Yesterday, the Court of Appeals for the Tenth Circuit upheld a federal law that makes it illegal for undocumented immigrants to own firearms. The Tenth Circuit includes Utah, but the case, United States v. Huitron-Guizar, arose out of Wyoming when Emmanuel Huitron-Guizar was arrested for owning three firearms. To challenge the constitutionality of the congressional law, Mr. Huitron-Guizar relied on language in District of Columbia v. Heller, which seemed to suggest that owning a firearm is an “individual right.”
The Tenth Circuit didn’t say whether a permanent resident or other immigrants can be denied firearms. The Supreme Court generally allows Congress to distinguish between citizens and non-citizens or to distinguish between undocumented aliens and legal aliens. As the Tenth Circuit noted, Congress has the power under the Constitution to determine rules for citizenship and to govern immigrants who seek citizenship.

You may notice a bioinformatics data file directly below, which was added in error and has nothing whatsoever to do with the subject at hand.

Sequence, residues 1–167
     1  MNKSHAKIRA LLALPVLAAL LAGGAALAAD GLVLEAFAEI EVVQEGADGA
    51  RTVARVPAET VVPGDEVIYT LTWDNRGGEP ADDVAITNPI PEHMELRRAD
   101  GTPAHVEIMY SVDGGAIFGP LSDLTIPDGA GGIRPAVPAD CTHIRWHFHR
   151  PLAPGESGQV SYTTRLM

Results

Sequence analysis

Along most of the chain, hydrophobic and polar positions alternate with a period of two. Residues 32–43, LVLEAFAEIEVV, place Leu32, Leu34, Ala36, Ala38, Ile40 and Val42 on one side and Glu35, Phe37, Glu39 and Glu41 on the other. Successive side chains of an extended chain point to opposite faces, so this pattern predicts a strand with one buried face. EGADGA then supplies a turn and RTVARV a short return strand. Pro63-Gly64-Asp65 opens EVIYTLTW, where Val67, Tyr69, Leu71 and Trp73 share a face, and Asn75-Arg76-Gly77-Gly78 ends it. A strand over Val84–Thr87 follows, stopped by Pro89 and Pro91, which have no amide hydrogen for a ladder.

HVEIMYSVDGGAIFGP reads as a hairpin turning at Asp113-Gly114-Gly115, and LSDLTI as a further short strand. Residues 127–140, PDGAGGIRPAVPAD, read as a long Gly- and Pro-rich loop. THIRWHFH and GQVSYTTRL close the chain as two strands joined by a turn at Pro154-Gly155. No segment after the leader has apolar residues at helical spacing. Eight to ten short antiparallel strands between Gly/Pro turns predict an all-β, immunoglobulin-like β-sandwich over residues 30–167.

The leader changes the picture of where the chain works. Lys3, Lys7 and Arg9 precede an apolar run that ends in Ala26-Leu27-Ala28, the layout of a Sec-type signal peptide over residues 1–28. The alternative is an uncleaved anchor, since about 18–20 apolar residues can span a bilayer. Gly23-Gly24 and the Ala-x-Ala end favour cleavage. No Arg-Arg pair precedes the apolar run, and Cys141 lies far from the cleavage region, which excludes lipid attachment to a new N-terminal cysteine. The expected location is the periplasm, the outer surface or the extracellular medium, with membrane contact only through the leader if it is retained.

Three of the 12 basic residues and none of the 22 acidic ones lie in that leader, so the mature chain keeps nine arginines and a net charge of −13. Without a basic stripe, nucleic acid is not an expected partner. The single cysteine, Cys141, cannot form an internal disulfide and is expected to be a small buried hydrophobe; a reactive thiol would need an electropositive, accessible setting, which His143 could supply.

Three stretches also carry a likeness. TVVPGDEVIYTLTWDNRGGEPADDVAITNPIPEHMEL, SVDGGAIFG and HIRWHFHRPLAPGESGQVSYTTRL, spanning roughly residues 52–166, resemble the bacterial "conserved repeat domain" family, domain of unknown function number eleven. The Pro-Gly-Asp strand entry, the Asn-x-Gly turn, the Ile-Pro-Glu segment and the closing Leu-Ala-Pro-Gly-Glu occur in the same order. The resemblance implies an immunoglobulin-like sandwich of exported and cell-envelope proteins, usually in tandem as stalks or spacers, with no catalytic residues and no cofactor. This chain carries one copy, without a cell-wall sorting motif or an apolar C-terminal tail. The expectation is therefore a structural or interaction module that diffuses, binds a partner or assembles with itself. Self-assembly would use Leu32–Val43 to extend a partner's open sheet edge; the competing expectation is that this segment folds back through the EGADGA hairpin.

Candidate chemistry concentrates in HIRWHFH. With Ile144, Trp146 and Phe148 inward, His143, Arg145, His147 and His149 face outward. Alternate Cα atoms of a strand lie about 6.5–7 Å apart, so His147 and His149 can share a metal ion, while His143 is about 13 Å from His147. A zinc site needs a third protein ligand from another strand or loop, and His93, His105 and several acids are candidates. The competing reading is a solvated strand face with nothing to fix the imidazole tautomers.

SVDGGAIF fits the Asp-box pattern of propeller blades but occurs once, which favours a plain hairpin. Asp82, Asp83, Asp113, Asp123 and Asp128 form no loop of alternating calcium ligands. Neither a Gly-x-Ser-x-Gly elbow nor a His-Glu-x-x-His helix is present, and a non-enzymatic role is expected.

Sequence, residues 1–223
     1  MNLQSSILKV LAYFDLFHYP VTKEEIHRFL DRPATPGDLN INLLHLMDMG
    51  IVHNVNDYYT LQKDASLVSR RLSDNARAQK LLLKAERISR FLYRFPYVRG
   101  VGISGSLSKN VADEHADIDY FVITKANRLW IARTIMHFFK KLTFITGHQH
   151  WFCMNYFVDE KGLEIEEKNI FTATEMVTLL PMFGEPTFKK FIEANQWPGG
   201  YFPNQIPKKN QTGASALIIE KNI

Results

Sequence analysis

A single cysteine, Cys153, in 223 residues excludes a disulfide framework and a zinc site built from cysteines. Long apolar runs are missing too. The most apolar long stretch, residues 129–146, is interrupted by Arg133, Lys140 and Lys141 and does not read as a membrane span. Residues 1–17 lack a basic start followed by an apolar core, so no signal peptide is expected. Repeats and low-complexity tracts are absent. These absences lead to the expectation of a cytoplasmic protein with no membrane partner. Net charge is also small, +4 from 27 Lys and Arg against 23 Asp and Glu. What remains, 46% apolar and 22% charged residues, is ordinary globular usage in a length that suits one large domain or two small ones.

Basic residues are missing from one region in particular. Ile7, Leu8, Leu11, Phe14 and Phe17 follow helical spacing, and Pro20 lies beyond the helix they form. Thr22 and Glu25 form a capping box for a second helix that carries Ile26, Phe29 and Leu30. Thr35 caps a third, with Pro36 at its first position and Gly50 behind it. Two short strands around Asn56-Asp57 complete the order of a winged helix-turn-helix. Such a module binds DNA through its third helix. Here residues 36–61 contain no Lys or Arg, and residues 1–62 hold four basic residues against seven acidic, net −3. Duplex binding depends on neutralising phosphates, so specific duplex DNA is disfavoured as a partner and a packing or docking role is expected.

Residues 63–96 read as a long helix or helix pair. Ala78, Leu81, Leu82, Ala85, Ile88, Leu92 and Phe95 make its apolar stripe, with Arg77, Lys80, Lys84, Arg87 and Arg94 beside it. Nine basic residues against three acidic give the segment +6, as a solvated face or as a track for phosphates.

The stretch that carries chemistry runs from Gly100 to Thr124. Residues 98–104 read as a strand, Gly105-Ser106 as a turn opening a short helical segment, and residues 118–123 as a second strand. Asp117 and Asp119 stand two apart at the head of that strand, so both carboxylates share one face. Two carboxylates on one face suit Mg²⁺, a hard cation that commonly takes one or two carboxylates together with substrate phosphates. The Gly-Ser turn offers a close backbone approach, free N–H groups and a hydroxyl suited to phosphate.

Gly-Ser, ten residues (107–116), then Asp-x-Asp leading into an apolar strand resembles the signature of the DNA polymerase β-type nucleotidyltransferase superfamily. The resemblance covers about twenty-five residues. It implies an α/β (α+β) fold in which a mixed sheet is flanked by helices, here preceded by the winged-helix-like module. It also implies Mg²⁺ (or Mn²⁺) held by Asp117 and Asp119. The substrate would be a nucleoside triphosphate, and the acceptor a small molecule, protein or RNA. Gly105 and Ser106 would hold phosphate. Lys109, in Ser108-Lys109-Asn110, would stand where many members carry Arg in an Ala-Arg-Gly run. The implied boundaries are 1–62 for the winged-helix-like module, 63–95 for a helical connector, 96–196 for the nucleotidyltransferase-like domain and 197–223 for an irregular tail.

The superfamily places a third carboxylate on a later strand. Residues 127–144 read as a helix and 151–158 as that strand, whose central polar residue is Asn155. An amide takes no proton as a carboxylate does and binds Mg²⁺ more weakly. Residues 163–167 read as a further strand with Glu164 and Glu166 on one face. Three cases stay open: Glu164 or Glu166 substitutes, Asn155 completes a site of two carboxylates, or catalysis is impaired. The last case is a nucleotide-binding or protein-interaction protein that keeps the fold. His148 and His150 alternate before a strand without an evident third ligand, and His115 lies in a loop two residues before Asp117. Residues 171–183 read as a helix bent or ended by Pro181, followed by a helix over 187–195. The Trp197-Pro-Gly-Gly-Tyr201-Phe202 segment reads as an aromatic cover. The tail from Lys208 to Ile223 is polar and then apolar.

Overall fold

What most interests me about this case, however, is that Mr. Huitron-Guizar has lived in the United States since he was three years old. He is now 24 years old, and he has lived in Wyoming for the greater part of 21 years. Now he is waiting deportation to Mexico, where he likely does not remember living. The particular firearms he owned would not have been illegal for him to possess if he had been a citizen.